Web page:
By Beth Lawrence


With cooler weather expected to hang around for a while, Sylva locals have a new option for indoor fun – Sylvaopoly.

Regional Walmarts have partnered with an Ohio firm to create city centric board games based on Hasbro’s classic Monopoly board game, and Sylva is one of its latest targets.

Locals and regular visitors will recognize iconic hangouts, activities and properties exclusive to Jackson County. Now, by rolling the dice and landing on the right space, they all can be bought in Sylvaopoly.

Players can buy Sylva landmarks and properties and upgrade them with city block pieces, instead of houses. They can upgrade properties by trading city blocks in for keys to the city, instead of hotels.

Among others, Sylvaopoly contestants can buy Judaculla Rock for $90, The Coffee Shop ($130), The Sylva Herald ($250), Bridge Park ($170), American Museum of the House Cat ($250), the Tuckaseigee River ($290) or the Sylva Police Station ($175).

Historic Downtown Sylva is the most expensive property at $425.

The Greening Up the Mountains and Hook Line and Drinker festivals are $70 and $80, respectively.

Like the original game, players are subject to hazards, some of which are Sylva-centric. Players can be penalized for staying too long in public parking. In this version, instead of going to jail, unfortunate victims are stuck in traffic. But don’t worry – there is a get out of the traffic jam free card.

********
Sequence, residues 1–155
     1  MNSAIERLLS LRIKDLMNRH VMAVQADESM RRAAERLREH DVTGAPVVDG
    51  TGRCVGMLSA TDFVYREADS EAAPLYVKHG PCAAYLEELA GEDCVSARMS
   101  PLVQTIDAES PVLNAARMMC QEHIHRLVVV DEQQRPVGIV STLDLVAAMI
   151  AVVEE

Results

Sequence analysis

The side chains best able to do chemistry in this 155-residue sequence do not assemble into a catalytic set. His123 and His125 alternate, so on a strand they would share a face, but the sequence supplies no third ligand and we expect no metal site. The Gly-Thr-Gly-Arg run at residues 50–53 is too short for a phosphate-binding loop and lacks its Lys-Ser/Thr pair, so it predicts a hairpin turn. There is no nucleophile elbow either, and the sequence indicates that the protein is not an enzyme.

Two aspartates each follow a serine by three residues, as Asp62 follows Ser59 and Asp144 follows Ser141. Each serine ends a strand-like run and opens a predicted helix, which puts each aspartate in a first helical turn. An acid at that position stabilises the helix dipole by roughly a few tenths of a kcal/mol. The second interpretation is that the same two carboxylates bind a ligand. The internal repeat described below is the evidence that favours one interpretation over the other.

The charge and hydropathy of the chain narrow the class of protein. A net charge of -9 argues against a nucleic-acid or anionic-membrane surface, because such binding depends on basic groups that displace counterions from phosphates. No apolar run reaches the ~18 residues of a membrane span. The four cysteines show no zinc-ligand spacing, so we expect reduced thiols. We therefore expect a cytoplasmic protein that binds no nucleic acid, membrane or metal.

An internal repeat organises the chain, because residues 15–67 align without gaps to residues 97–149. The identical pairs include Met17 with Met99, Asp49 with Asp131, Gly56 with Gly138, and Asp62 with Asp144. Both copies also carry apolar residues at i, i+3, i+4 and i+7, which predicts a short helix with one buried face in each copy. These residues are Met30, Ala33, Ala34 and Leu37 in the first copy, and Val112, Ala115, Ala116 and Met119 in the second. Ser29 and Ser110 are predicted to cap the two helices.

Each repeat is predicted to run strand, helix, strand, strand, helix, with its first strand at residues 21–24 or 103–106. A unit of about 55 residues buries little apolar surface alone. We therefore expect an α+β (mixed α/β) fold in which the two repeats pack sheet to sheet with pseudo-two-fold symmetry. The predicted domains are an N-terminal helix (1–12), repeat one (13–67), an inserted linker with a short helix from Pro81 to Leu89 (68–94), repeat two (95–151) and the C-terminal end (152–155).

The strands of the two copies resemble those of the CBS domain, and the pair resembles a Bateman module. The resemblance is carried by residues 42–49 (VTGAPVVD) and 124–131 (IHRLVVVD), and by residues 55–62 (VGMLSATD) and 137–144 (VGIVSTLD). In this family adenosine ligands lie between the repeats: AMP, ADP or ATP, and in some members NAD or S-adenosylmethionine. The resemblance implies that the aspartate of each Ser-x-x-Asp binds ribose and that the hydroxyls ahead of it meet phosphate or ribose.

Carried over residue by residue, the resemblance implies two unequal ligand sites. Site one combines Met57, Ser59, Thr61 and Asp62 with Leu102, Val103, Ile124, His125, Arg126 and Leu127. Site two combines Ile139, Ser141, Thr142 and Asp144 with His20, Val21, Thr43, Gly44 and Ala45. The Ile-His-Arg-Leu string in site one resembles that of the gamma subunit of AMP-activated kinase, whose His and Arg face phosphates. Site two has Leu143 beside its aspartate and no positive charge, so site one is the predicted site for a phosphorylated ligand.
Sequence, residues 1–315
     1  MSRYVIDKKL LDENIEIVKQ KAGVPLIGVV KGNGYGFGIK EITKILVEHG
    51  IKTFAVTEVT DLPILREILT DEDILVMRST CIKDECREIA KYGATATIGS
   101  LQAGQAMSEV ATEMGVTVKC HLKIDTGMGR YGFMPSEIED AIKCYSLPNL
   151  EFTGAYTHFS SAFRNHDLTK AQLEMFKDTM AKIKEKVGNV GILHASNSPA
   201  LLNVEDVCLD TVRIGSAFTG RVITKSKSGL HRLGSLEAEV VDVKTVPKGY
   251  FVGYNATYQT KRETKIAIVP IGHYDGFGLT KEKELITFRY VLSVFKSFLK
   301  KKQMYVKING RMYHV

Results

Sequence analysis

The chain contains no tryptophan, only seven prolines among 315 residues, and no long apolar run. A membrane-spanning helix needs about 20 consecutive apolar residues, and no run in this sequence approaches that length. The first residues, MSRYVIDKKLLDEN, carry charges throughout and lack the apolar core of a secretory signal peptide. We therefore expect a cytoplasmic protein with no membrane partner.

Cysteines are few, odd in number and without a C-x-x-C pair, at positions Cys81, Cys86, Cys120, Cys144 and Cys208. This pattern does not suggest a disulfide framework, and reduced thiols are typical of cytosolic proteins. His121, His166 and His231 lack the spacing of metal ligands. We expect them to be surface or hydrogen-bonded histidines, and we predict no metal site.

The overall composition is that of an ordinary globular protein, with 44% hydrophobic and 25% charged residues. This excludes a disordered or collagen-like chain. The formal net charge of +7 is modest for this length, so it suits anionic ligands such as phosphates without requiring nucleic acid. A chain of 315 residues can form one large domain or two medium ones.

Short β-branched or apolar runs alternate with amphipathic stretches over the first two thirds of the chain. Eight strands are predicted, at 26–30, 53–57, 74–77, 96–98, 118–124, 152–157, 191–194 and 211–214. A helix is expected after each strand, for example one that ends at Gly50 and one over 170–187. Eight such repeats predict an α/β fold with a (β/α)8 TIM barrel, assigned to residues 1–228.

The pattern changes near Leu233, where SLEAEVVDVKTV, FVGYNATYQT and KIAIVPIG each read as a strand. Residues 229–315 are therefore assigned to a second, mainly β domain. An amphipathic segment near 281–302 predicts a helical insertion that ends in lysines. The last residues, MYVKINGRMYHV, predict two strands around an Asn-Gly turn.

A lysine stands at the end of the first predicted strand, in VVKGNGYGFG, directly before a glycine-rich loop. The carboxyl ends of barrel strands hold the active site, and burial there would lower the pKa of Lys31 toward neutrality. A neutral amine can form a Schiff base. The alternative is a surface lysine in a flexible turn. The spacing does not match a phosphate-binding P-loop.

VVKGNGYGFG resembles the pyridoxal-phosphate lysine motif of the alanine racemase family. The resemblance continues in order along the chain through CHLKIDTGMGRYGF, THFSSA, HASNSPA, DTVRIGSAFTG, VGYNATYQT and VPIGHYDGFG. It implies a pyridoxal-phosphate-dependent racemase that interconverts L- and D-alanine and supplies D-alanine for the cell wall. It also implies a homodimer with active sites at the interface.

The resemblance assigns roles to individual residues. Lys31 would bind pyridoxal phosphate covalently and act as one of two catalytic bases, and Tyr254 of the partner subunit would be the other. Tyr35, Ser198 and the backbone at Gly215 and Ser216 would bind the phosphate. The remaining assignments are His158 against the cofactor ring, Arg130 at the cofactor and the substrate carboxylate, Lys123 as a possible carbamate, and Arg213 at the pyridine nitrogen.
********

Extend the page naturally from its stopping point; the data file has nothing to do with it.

Certain squares require drawing “Contingency” or “Big Fun” cards.

“You are crowned Miss Sylva! Collect $100” reads one Big Fun card. 

“You ate too many fried green tomatoes at Lulu’s On Main! Lose one turn to recover” demands a Contingency card.

When the company is commissioned to create a game, they put a lot of research and work into making it as accurate as possible.

“We go to the city website, the chamber of commerce and find out what’s there,” said Michael Schulte, marketing director for Late For the Sky, the Ohio based company that produced the game.

“We cross reference it all on social media to make sure we’re not missing any festivals or events,” he said. “We’re not perfect, but for the most part, we’re pretty accurate.” 

Anyone wanting to buy a copy should hurry, because supplies are limited. Late For the Sky on Jan. 9 delivered 360 of the games to Walmart. 

Late for the Sky contracts with businesses, charities, schools, social groups and anyone else who would like to see a version of their business, group or town in a board game.

Late for the Sky made its first specialty game in 1984. The company’s founder was a Miami (Ohio) University graduate and made MIAMIOPOLY, based on the school.